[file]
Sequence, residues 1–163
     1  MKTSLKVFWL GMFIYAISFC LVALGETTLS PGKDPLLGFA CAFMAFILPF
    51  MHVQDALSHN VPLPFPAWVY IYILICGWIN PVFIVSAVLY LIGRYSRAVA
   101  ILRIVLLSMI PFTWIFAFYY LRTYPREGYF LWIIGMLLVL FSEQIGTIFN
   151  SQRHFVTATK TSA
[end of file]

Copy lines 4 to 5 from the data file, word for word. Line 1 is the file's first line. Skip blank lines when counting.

   101  ILRIVLLSMI PFTWIFAFYY LRTYPREGYF LWIIGMLLVL FSEQIGTIFN
   151  SQRHFVTATK TSA